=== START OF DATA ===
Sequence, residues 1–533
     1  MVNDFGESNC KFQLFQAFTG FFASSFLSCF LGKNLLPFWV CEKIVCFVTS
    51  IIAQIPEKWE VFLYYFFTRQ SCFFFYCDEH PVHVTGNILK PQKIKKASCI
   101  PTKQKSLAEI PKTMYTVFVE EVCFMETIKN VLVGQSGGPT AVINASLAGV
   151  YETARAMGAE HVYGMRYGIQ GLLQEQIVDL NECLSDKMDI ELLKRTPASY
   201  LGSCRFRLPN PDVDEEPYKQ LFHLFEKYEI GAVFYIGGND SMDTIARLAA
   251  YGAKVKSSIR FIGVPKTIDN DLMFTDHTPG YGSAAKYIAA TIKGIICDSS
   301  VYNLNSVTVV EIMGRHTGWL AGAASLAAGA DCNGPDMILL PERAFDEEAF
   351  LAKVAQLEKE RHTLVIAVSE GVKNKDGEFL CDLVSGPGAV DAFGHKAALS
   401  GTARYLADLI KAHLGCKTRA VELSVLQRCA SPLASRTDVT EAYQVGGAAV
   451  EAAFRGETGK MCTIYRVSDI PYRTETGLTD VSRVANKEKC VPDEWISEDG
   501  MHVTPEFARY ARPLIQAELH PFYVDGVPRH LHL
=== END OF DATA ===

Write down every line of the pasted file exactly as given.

Sequence, residues 1–533
     1  MVNDFGESNC KFQLFQAFTG FFASSFLSCF LGKNLLPFWV CEKIVCFVTS
    51  IIAQIPEKWE VFLYYFFTRQ SCFFFYCDEH PVHVTGNILK PQKIKKASCI
   101  PTKQKSLAEI PKTMYTVFVE EVCFMETIKN VLVGQSGGPT AVINASLAGV
   151  YETARAMGAE HVYGMRYGIQ GLLQEQIVDL NECLSDKMDI ELLKRTPASY
   201  LGSCRFRLPN PDVDEEPYKQ LFHLFEKYEI GAVFYIGGND SMDTIARLAA
   251  YGAKVKSSIR FIGVPKTIDN DLMFTDHTPG YGSAAKYIAA TIKGIICDSS
   301  VYNLNSVTVV EIMGRHTGWL AGAASLAAGA DCNGPDMILL PERAFDEEAF
   351  LAKVAQLEKE RHTLVIAVSE GVKNKDGEFL CDLVSGPGAV DAFGHKAALS
   401  GTARYLADLI KAHLGCKTRA VELSVLQRCA SPLASRTDVT EAYQVGGAAV
   451  EAAFRGETGK MCTIYRVSDI PYRTETGLTD VSRVANKEKC VPDEWISEDG
   501  MHVTPEFARY ARPLIQAELH PFYVDGVPRH LHL